Two things that are forever: plastics and fabrics.
The average everyday plastic bottle takes 450 years to degrade (around 6 lifetimes if the average person lives up to 70 years). And although materials and length will always vary, humanity will constantly be wearing some kind of clothing for their whole lifespan. So why not hit two birds with the same stone so to speak?
In Ireland and Scotland, a recycle fashion competition takes place every year dubbed Junk Kouture for secondary level students (high school). The premier national competition aims to bring out young designers while subtly educating the next generation on recycling and upcycling. An excess of imagination in the young produced this gorgeous 2014 entry named Plastic Surgery.
The gown was made from 150 plastic milk cartons and took 7 months of designing, cutting and piecing together to fabricate the airy, delicate and lacy texture. The creators, Hannah Ní Chathasaigh, Nora Ní Chathasaigh and Meadhbh Ní Dhomhnaill, painstakingly matched the edges in the plastic carton to the curves of a woman’s body to achieve the strong yet fluid lines of the gown.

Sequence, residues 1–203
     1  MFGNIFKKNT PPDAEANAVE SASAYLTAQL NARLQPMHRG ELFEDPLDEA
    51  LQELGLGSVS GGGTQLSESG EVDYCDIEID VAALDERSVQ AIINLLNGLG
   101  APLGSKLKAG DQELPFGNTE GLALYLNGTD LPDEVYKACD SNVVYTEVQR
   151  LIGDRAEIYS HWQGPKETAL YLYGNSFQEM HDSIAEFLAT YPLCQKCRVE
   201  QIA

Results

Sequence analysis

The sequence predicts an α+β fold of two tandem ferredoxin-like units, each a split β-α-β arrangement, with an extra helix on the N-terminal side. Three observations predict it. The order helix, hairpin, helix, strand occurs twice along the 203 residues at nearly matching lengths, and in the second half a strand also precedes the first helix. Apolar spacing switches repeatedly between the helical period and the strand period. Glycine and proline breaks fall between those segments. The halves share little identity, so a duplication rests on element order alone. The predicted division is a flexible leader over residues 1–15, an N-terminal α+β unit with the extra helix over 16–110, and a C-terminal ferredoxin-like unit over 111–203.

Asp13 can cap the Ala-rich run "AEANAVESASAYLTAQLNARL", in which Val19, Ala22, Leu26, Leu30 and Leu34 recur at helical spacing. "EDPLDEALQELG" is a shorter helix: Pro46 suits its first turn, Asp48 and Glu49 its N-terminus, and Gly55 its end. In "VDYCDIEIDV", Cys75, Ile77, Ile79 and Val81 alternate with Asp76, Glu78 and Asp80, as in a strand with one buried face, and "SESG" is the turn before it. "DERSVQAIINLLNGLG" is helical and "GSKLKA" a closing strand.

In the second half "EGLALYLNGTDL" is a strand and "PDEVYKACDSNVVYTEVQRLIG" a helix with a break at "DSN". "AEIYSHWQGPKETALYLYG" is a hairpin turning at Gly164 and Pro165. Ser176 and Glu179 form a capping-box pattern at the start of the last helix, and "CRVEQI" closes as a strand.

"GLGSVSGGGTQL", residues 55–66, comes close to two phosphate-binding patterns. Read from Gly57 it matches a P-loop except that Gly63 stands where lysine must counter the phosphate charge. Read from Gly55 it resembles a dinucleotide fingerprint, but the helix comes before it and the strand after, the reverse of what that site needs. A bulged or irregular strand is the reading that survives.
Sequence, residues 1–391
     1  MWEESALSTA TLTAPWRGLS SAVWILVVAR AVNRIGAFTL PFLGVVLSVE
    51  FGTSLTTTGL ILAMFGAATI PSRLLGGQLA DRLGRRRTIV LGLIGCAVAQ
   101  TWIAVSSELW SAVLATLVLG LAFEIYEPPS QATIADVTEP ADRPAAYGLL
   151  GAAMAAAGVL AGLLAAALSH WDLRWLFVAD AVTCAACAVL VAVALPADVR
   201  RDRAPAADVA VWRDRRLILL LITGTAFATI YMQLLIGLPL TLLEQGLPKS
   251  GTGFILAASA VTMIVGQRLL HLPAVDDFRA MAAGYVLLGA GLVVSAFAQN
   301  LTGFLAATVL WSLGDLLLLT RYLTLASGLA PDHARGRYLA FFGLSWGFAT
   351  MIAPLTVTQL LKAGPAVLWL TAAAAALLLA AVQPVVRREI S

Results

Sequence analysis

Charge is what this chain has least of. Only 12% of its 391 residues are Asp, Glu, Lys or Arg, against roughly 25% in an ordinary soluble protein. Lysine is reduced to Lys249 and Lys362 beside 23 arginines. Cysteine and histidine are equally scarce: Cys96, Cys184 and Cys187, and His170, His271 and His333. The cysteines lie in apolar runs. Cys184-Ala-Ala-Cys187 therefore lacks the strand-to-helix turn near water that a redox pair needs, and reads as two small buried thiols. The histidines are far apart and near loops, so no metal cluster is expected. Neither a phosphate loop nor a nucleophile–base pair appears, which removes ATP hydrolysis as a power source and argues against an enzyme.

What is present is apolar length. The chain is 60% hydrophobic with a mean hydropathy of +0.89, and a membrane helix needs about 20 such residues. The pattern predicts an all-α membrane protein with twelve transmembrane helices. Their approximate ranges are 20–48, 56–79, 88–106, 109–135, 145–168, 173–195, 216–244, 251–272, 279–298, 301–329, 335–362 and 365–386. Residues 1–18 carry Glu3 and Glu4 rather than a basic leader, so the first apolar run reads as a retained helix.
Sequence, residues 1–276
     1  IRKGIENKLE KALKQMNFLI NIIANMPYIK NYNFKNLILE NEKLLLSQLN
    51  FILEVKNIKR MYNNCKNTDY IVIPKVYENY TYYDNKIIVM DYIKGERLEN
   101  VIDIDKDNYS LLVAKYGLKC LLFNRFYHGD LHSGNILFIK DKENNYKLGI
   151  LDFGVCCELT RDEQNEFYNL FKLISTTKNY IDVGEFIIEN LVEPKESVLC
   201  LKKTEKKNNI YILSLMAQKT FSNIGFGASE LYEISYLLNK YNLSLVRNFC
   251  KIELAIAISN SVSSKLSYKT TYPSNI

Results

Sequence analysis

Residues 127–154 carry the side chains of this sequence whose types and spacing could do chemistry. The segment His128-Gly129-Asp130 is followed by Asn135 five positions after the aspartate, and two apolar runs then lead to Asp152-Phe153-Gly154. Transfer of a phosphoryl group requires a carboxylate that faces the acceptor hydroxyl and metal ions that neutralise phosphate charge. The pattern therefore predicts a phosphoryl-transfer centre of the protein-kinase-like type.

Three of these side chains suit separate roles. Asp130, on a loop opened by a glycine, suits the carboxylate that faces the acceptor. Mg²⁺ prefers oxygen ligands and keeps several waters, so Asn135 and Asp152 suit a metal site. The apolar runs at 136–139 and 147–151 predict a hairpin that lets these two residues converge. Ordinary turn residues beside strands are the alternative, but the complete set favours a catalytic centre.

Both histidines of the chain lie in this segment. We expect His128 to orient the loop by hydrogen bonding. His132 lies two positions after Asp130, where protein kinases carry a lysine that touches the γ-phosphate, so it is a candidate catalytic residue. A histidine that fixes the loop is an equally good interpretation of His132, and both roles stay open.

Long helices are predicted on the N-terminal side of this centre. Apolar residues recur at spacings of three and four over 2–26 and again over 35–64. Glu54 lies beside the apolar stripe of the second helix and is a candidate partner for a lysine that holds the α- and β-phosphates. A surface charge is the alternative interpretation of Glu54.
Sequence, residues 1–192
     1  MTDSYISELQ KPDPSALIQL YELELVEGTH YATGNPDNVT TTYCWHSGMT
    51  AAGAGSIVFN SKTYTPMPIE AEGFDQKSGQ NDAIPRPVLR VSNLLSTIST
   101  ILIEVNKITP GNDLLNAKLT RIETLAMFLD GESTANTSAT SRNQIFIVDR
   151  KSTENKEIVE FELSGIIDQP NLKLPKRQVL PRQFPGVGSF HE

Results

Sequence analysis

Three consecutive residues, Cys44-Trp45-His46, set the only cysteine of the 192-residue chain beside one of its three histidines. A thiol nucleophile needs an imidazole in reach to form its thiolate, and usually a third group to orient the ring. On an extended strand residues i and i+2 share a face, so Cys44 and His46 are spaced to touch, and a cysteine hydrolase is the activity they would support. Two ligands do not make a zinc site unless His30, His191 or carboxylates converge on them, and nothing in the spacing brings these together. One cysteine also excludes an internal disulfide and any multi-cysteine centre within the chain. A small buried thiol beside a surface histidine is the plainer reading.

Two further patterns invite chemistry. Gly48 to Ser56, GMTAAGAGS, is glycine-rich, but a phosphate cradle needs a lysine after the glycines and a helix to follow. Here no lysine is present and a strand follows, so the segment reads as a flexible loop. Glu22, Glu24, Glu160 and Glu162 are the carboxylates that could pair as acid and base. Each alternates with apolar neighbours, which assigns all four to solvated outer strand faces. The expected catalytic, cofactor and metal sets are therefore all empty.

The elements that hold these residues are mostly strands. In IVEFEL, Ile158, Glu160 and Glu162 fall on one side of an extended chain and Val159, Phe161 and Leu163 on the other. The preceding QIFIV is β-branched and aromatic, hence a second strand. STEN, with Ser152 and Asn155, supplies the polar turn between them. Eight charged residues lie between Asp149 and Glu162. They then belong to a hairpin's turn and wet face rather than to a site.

On the other side of the world springs plastic gold from Saharan refugee waste plastics. Using the Hot Sand Technique developed by Florie Salnot, a Royal College of Art student, old plastic bottles were transformed into lovely faux gold jewelry.
Wearable trashion art is fast becoming part of the fashion equation. Companies have taken on the Cradle to Cradle concept of a product’s lifecycle.
Acclaimed Filipino designer Francis Sollano, one of only two Asians invited to this year’s New York Fashion Week drew his trashion inspiration while driving his car over street flooded with rain water after only a few minutes of downpour. When garbage started floating by, Francis decided to do something. Hence the marriage of trash and fashion in his creative career began.
It takes a mind shift to see beauty in garbage. What was it that a Seabiscuit quote says? “…you don’t throw a whole life away just ‘cause he’s banged up a little.” The story is in the cracks and defects.
A new world is set to take order before the concrete jungle is turned into a plastic jungle. Wealth is no longer monopolized by what glitters. Wealth in the future is in the eye of the beholder. And a new generation of beholders is taking their place to contribute solutions to the waste dilemma.
As Waste2Wear founder Monique Maissan, who together with designer Monique Collignon successfully showcased a 100% recycled PET bottles haute couture at the Mercedes-Benz Fashion Week in Amsterdam, expresses: “Vision without action is dreaming; Action without vision is a waste of time; Vision with action can change the world.”